Re: Presentation of Q

On May 5, 10:35am, Peter Fraterdeus wrote:

> >These seems somewhat like a stylistic problem, since the quotes
> >really have no meaning themselves and only meant for display. However
> >CSS would not be able to specify this type of special quotes
> >rendering.
> Quotes marks DO have meaning!

No, quote marks by themselves do not reliably indicate meaning, as
you will see if I describe myself as six feet four inches tall (6'4").
In plain text, I agree, meaning has to be inferred from quote marks.

In marked-up text, that meaning can be reliably and explicitly indicated,
in this case by the Q tag which is for inline quotes and complements the
BLOCKQUOTE tag for block quotes.

> They indicate a change of voice. Such a change must be indicated
> visually in a visual medium, just as they are indicated by a literal
> change of voice in an oral medium.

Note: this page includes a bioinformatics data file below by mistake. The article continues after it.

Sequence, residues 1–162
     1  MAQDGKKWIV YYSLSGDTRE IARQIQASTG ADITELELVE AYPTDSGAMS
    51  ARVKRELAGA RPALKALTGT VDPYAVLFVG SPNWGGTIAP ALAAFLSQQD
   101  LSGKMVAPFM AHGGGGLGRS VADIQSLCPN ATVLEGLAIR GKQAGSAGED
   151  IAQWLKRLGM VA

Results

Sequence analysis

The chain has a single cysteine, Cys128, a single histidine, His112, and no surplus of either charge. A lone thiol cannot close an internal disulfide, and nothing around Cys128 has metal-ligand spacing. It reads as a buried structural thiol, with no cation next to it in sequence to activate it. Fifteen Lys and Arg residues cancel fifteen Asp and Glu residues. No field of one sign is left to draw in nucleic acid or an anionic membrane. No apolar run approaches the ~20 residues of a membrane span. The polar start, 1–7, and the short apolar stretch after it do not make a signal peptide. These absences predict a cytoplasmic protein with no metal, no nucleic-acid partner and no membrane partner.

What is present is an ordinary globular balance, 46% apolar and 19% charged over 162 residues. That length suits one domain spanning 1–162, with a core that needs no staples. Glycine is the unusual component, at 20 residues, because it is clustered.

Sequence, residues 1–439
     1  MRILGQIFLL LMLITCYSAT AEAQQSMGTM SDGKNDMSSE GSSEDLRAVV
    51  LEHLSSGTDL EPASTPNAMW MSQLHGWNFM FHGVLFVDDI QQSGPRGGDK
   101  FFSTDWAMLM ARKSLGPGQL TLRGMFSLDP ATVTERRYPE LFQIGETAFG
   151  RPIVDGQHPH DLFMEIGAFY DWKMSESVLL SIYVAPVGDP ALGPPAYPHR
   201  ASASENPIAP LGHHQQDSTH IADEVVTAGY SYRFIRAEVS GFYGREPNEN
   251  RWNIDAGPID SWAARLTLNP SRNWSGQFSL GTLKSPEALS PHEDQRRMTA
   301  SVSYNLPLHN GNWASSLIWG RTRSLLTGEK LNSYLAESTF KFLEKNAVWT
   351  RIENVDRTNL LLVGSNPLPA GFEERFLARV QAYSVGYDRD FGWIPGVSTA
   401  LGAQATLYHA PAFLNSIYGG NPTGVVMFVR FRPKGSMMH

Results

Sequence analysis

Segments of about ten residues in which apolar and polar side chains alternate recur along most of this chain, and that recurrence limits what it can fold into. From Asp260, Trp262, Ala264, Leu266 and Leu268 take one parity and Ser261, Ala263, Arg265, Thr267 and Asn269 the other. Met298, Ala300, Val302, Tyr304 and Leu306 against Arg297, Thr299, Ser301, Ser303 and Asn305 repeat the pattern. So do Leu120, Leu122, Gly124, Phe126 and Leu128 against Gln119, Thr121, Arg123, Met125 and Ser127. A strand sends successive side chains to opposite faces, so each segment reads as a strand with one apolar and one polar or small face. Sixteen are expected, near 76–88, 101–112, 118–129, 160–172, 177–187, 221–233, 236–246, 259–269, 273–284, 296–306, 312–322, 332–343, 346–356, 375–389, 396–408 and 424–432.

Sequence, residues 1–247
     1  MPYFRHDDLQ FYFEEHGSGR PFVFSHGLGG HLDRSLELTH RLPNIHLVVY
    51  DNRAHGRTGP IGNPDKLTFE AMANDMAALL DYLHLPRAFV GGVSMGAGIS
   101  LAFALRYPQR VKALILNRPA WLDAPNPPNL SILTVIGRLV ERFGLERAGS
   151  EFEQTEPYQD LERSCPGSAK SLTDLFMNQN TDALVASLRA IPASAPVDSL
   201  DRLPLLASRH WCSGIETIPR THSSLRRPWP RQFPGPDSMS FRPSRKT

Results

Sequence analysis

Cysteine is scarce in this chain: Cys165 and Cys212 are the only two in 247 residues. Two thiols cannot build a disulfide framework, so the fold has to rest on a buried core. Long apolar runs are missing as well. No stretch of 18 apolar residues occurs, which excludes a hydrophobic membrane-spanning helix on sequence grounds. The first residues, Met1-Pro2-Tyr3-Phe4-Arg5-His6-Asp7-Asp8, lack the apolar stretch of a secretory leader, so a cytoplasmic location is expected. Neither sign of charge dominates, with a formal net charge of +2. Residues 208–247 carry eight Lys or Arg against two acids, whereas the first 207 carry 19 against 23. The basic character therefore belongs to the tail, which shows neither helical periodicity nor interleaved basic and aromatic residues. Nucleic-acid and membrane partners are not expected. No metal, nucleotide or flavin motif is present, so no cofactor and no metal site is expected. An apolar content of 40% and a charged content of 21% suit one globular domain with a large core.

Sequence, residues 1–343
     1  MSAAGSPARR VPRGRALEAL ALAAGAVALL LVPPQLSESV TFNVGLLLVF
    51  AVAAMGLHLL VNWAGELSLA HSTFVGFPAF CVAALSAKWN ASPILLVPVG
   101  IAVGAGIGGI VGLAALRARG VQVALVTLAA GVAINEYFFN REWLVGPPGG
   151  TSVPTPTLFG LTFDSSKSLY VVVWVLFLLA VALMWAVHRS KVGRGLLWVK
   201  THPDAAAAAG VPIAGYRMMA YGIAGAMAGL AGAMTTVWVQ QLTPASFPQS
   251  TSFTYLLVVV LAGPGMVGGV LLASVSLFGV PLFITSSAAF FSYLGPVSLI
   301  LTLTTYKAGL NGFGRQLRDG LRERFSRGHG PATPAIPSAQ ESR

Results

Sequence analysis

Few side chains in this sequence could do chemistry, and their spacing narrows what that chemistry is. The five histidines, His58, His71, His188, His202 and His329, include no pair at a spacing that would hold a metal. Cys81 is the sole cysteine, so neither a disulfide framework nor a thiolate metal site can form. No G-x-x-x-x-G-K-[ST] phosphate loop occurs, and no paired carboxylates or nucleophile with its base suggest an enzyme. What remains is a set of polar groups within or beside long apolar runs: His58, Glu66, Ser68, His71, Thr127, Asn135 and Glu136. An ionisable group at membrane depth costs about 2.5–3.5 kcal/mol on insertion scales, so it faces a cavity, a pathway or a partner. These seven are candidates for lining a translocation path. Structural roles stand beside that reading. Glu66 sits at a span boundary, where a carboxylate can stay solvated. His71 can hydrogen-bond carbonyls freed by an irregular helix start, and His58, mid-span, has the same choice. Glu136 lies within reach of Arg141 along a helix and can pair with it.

Precisely. Would you rather that the speech synth said

  quote mark hello quote mark said chis

or changed voice to indicate that there was an inline quotation? By
using Q, it is much easier to indicate this change of voice.

> A Q tag might also be implemented as an indented
> paragraph with no quote marks, depending on the length of the quotation.

Yes, that would be another valid presentational style. A stylesheet
could indicate that all Q elements (or certain specific ones) were to
be presented like this. Converting an inline quote to an indented
paragraph would be much harder if it was merely indicated "like this".

Chris Lilley, W3C                          [ ]
Graphics and Fonts Guy            The World Wide Web Consortium              INRIA,  Projet W3C                       2004 Rt des Lucioles / BP 93
+33 (0)4 93 65 79 87       06902 Sophia Antipolis Cedex, France

Received on Monday, 5 May 1997 12:18:10 UTC